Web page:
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Cisplatin is a chemotherapy medication used to treat a number of cancers.

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Conformational isomerism

In chemistry, conformational isomerism is a form of stereoisomerism in which the isomers can be interconverted just by rotations about formally single bonds (refer to figure on single bond rotation).

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Coordination complex

In chemistry, a coordination complex consists of a central atom or ion, which is usually metallic and is called the coordination centre, and a surrounding array of bound molecules or ions, that are in turn known as ligands or complexing agents.

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Descriptor (Chemistry)

A descriptor is in chemical nomenclature a prefix placed before the systematic substance name, which describes the configuration or the stereochemistry of the molecule.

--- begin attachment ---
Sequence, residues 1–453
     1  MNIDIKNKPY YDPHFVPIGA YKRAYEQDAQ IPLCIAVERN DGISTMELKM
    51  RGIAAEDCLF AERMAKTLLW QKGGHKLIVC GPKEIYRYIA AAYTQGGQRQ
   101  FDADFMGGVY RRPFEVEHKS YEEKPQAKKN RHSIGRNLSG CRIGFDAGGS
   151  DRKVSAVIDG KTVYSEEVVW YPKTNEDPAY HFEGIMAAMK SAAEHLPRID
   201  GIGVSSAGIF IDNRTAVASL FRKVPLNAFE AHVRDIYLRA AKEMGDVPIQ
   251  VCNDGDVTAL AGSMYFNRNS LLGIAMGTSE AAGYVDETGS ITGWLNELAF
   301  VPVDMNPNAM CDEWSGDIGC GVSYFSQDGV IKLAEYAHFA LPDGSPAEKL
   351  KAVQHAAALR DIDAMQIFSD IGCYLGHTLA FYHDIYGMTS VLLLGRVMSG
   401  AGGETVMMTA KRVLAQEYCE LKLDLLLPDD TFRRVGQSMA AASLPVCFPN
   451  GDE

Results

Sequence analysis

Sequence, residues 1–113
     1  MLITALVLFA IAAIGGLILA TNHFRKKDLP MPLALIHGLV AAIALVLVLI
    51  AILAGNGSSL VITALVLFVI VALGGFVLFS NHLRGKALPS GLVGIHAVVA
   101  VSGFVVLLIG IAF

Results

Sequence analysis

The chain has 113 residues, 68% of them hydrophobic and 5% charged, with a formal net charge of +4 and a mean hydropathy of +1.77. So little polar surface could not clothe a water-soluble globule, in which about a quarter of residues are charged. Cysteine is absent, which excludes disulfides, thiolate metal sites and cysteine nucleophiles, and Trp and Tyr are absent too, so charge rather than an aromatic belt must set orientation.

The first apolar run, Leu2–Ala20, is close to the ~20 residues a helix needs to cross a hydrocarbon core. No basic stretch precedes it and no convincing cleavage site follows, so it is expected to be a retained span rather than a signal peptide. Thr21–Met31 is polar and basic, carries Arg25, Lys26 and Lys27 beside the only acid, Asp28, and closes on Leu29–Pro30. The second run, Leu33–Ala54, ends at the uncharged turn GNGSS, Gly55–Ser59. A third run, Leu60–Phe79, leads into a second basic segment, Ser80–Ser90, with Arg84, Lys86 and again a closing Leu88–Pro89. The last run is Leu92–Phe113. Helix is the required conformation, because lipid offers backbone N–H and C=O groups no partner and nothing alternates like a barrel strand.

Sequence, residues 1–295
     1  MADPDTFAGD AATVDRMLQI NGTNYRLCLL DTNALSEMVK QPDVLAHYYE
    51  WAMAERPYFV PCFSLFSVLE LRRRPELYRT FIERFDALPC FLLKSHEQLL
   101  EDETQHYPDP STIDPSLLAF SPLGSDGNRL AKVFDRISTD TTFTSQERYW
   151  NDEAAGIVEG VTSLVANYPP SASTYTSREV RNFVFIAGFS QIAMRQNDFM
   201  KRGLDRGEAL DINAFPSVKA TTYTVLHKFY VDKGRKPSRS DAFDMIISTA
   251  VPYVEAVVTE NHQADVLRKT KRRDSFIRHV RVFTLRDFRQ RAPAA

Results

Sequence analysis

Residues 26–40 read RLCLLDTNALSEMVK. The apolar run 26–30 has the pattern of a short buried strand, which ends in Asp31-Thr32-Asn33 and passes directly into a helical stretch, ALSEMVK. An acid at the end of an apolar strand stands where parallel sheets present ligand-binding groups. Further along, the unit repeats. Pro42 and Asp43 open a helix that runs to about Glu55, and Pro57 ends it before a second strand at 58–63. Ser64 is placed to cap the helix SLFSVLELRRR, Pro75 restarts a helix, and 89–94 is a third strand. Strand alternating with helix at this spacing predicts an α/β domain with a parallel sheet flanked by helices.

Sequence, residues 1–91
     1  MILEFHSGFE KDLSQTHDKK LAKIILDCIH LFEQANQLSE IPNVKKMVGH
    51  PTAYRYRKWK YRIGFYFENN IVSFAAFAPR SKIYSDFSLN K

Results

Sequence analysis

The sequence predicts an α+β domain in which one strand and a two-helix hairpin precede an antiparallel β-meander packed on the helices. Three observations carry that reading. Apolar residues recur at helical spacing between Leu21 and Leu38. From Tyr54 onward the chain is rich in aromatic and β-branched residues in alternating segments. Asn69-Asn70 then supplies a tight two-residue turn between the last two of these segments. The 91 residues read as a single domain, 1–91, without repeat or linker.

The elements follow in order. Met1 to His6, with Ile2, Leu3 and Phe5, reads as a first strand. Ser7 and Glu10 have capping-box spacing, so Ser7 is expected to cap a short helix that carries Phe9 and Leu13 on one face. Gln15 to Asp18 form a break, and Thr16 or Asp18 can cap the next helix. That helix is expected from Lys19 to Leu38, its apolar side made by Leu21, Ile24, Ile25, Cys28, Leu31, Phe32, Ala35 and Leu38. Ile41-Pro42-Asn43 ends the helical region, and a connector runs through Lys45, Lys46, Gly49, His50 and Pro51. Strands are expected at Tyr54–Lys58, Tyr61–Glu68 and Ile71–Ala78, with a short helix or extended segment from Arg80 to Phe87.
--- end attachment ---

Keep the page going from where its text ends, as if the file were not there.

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Diastereomers (sometimes called diastereoisomers) are a type of a stereoisomer.

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Diimide, also called diazene or diimine, is a compound having the formula (NH)2.

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Diphosphene is a compound having the formula (PH)2.

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Double bond

A double bond in chemistry is a chemical bond between two chemical elements involving four bonding electrons instead of the usual two.

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E-Z notation

E-Z configuration, or the E-Z convention, is the IUPAC preferred method of describing the absolute stereochemistry of double bonds in organic chemistry.